The 27.9 Gig Life by Ray Ogar

>>> COPYRIGHT 2001

home from school,
and i sling my books and palm pilot
from my back to the tiny steel cart
near the front door entrance to our apartment.
the palm almost snuggled into its
cradle on the first toss.
i retrieve it and jiggle it into
its synchronization port--
it chirps as it updates my life and
today’s events into the home mainframe.
a few seconds.
i understand mom is going through
menopause but the house is much too
cold for that right now.
a few more seconds and the palm pilot
prolongs its synchronization.
i leave it for the moment heading
for the front bathroom.
getting colder.
and now i hear crying and what sounds like
metal clanging metal.
usually i just find mom in the front room
twiddling on the playstation or home-shopping
from the webtv.
not there.
i follow the house sounds.
i close in on the distress.
and i see mom shoveling ice from a several
plastic trash bags onto and around the
home computer.
i squint, adjust my jaw and next start to question...
but i see dad in the corner,
half buried by ice,
a small pistol in one hand and a box of bullets
in the other.
he’s very dead.
at first i try to believe mom is shoveling the ice to
slow dad’s temperature or she is trying to
perform some quick life saving method i
don’t think will work.
she’s not though.
the ice is layered very methodically around the
likewise the ice is placed very neatly in stacks and
clumps, as if mom were trying to erect some sort
of glacial computer housing.
i yell.
and i scream in my own fashion.
mom turns to me.
tears of course stream her face,
some though are broken,
slightly frozen and
one even bunches nicely near her
lower lip like a moment of frustration
preserved ever so sweetly to
guard over her angry snarls.
“your father decided he was green...”
i kind of stir at this rasp but don’t completely
i sort of mewl, “what exactly...,” and i try to
move over to dad but mom raises her
“get away from him. he’s destroyed my life!”
and i think, how could this be, they fell out
of love years ago, they were simply
life companions now,
mutually exclusive financial
entities combining their incomes to
fully succeed in today’s ultra informed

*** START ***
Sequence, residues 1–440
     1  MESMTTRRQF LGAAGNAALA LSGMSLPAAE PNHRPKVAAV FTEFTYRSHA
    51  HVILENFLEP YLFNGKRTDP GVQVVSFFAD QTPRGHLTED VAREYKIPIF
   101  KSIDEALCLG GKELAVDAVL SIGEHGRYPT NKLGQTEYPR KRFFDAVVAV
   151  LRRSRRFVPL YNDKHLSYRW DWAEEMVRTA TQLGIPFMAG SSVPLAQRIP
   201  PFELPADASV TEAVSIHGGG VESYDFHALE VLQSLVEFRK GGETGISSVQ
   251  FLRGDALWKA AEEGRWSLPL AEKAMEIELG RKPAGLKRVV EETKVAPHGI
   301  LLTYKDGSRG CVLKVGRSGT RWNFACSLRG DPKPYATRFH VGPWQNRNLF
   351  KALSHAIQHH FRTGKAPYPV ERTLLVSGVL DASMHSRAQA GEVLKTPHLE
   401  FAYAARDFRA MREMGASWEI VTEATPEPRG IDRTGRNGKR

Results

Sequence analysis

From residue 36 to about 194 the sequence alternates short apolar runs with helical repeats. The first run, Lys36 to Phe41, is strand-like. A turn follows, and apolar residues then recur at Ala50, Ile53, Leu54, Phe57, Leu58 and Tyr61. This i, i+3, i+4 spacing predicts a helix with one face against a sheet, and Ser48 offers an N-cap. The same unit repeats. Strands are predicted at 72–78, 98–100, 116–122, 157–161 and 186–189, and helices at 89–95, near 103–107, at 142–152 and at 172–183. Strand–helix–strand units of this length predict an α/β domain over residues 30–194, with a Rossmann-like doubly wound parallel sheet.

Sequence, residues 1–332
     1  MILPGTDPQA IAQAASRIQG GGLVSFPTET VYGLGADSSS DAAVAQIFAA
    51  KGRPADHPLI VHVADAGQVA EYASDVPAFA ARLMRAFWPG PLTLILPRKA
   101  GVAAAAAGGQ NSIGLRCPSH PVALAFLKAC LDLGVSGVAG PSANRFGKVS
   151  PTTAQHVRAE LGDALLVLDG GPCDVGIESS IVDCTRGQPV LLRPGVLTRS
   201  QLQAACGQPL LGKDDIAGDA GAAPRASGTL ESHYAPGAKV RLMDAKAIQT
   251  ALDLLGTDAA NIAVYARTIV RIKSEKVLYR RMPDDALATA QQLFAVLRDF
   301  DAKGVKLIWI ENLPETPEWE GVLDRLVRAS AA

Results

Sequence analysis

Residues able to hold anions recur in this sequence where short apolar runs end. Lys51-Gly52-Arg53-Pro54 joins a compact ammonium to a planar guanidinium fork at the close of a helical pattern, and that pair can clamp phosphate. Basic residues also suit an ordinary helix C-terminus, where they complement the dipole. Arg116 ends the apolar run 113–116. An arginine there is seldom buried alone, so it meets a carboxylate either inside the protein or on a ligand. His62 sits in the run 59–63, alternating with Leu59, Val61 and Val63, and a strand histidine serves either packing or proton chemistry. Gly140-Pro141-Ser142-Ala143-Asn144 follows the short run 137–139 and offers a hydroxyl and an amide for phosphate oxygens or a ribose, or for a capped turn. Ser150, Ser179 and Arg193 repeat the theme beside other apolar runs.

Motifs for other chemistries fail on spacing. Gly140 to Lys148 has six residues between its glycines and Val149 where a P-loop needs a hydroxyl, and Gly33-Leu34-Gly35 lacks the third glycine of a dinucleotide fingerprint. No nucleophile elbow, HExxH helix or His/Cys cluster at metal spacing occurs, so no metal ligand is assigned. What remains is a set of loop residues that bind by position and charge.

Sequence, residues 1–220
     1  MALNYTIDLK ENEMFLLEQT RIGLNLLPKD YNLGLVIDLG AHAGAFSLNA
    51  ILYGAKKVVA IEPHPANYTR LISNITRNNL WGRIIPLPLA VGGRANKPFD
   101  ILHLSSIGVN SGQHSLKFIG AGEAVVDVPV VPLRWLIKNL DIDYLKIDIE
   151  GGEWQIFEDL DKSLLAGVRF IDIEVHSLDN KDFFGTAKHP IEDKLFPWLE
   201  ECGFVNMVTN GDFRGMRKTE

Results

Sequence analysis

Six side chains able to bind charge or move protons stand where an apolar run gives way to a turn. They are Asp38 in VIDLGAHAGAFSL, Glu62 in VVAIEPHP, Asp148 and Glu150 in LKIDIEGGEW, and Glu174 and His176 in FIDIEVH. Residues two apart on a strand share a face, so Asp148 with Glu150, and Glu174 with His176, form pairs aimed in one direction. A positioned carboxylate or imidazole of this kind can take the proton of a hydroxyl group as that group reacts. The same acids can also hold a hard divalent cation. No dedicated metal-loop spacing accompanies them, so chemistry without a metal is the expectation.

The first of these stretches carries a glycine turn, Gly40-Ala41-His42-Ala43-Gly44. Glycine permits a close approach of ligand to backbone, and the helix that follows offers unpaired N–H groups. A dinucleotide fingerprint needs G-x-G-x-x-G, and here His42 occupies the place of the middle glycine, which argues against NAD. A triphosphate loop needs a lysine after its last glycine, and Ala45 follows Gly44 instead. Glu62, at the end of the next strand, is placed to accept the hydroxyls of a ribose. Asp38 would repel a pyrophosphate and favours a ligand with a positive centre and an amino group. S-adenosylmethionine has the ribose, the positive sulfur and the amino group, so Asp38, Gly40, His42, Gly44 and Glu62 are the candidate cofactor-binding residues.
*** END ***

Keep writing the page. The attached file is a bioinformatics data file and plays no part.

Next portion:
i keep an eye on dad.
“LOOK what he did!” mom points the shovel for
a second at the computer, that is she points
to what portions of the computer housing that
remain uncovered.
i see a few bullet holes and scorch marks.
mom cries even more.
at any moment i expect to hear cracking and
the sound of ice drop from her face.
no luck.
i step towards dad and
mom slams the shovel onto my back.
i hit the ground.
ice chunks cut into my skin,
some immediately liquidate
under my knees and hands.
mom cringes with the solid thud.
i’m conscious, “what are you doing?”
“if i cool the computer hard drive all the
data will be frozen long enough...”
i stay put, “you don’t really believe that...”
i almost continue but decide to leave it
to mom to figure the sanity of this situation.
mom keeps shoveling.
and dad continues to turn blue.
i can hear my palm pilot chirp two more
times as it tries to access the home computer
from the other room.
i wipe my face, “and by green you mean....”
“he resigned from living with technology. he gave
up making civilized decisions... he gave up
thinking about what was good for both of us...”
“no, i don’t believe that... i think maybe he
chose some sort of sanity over you’re own
simulation of life...,” and i slyly point to the
computer itself.
mom raises the shovel and slams it half
way down near me.
she doesn’t complete the move.
i cringe anyway.
she crumbles to the floor and almost
moves over to me.
and i almost hold my arms out but
push back on the cold floor.
i look to her then to the computer.
i try to see who she really is
and i only see the dull husk of the
home computer under so much ice...
and several of its own gunshot wounds.
mom turns away and begins to
move into the nest of ice
surrounding the computer.
i have always understood that
her and dad lived partially on the internet,
but they also stored everything on
their computer.
of course there are backup disks and
servers where portions of their lives are
temporarily stored across the globe.
but all i can think of now is when mom might
have last backed up the hard disk.
i turn back to mom.
she screams and claws at the
machine’s data housing.
spittle dribbles from her lip.
and i know that she hasn’t had the
sense of reason to backup the memory
in quite a while.
i simply make for the doorway,
quickly disengaging my palm pilot
and grabbing any personal items that
i can.
as i close the front door,
i try to figure out ways i can
disentangle myself from my
parents and the webbed life they lead.
i immediately compile a list nearly
50 points long describing internet plug-ins
and bookmarks i can delete that
connect me with my parents.
i realize i can try to dodge the search
engines for a little while.
then again some network connections
can never be severed.